To prevent issues with the PAM module itself, it is possible to have particular PAM services not use the U2F PAM module. For instance, the SSH service is probably not going to use local U2F because the PAM module (by default) will attempt to use a USB device plugged in to the target system itself (the system that has the SSH daemon running) and not the client (the system that connects to the SSH daemon). Of course, properly protect those services differently (for instance through mandatory use of SSH public key authentication).
In the worst case, the administrator can still reboot the system in single user mode and modify the PAM service definitions accordingly.
With the above configuration, whenever a local logon is triggered (be it through a terminal or a graphical manager), the use of the U2F USB device is necessary. If the device is not plugged in, or the user does not confirm the logon in due time, authentication will fail.
pamu2fcfg mentions no U2F device is available
When attempting to register a U2F USB device, the output of the pamu2fcfg command mentions that no U2F device is available:
No U2F device available, please insert one now, you have 15 seconds.
This means that the pamu2fcfg command failed to detect the USB device. The trivial problem here is that the USB device itself is not plugged in yet, but the problem might be elsewhere as well.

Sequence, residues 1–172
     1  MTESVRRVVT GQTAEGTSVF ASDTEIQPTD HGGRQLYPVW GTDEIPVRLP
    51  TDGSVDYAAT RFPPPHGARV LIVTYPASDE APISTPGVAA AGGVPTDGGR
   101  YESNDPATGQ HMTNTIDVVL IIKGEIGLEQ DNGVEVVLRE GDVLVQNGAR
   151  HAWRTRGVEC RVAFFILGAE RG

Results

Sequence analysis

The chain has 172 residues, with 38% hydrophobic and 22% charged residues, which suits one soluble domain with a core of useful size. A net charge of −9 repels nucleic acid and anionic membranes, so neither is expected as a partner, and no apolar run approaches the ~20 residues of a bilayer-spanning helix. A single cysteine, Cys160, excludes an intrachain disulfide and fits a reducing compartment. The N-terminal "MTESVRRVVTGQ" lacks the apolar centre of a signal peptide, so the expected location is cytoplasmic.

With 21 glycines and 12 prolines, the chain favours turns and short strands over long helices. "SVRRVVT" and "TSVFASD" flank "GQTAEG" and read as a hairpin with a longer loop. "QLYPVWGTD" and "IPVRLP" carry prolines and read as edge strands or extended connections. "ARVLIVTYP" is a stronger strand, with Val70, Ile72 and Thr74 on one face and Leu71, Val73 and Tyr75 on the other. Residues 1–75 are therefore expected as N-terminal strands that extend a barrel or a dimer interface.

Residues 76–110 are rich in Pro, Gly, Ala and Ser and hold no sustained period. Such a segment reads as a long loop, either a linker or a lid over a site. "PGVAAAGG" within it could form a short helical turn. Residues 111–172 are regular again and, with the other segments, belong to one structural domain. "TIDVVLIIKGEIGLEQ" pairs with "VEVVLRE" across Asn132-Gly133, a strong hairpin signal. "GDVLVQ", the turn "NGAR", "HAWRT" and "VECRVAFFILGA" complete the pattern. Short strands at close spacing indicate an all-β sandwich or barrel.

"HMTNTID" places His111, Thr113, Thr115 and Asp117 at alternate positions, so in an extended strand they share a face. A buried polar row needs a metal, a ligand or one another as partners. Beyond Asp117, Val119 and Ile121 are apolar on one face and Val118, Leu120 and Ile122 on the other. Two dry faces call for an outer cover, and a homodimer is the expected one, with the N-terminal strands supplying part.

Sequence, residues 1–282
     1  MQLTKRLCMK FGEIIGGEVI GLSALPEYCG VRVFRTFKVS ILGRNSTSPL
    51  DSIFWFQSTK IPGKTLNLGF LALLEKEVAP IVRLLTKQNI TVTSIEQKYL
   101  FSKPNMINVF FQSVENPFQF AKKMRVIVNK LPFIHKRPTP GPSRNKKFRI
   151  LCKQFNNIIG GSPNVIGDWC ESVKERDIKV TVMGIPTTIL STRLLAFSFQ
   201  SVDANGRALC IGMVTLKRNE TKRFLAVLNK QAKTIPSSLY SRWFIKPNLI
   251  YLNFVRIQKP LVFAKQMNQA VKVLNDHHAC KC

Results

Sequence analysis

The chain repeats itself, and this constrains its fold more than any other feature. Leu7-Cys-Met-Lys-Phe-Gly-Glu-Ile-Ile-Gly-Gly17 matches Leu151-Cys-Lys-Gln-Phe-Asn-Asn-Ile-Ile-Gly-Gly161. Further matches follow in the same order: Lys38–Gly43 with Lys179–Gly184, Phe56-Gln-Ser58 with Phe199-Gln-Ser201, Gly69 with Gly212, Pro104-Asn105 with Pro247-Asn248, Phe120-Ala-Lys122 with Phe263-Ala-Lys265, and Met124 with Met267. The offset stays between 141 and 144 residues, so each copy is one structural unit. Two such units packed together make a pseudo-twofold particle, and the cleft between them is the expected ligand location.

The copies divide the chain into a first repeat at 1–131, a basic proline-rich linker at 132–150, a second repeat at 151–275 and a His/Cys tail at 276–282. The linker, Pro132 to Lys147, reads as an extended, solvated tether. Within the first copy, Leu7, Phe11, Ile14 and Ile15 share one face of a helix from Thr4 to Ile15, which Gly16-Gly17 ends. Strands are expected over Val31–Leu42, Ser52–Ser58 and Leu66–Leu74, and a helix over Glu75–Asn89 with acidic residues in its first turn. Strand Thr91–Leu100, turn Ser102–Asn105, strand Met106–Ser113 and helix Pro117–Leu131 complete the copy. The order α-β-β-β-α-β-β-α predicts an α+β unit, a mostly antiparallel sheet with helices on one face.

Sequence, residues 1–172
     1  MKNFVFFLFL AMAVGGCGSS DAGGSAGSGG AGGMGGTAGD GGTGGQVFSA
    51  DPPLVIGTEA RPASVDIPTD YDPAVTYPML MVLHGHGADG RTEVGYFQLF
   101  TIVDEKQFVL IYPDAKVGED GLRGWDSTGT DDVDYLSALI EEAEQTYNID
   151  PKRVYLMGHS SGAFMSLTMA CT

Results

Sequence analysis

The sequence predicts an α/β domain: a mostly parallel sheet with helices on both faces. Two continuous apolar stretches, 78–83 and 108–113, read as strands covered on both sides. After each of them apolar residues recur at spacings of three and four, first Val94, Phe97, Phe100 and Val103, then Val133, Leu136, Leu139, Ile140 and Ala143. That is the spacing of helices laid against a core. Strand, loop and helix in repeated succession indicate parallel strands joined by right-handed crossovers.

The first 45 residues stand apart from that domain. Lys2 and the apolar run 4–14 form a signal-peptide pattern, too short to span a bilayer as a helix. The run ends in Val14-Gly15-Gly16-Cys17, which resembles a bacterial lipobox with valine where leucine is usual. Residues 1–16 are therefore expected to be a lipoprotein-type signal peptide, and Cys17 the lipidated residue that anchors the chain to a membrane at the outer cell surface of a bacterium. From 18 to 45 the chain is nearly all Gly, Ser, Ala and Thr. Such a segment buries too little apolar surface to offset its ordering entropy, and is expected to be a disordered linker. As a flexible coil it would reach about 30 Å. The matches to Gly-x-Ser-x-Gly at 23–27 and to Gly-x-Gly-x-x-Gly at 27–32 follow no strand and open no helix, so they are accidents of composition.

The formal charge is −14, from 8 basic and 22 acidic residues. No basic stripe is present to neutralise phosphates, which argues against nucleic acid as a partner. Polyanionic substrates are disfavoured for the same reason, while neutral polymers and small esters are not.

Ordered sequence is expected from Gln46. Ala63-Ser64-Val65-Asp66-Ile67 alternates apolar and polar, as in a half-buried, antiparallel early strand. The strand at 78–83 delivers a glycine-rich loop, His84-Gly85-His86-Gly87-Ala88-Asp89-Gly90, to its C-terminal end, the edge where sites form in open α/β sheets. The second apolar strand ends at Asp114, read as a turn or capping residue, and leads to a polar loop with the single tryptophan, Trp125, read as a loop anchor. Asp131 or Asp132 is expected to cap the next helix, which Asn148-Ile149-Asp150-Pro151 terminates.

The pamu2fcfg command uses the udev information, obtained from the udev tables, to find out where the USB device is found. Hence, the command requires access to /var/run/udev/data. Make sure that the user that runs the command (if it isn't root) can read files within that location.
Once obtained, the command will write to and read from the USB device, so the user that runs the command must have read and write privileges on the device file itself. By default, this is granted by having the user be part of the usb group.
SELinux is preventing access
Any SELinux domain that wants to interact with the U2F USB device must have the following policy active:
udev_search_pids(...) udev_read_db(...) dev_rw_generic_usb_dev(...)
Without these rules, the U2F libraries will fail to either know where the USB device is attached to (the first two policy lines) or interact with the device itself (the third policy line).
Before removing the sys-auth/pam_u2f package, make sure that all references to pam_u2f.so are removed from the PAM service definitions. A PAM service configuration that refers to a missing module will result in failed authentication, and might lock users out of their own system.
emerge --ask --depclean --verbose sys-auth/pam_u2f
- PAM — allows (third party) services to provide an authentication module for their service which can then be used on PAM enabled systems.
- The pam-u2f project on github is the master of the pam_u2f code, and contains information about common configurations and usages.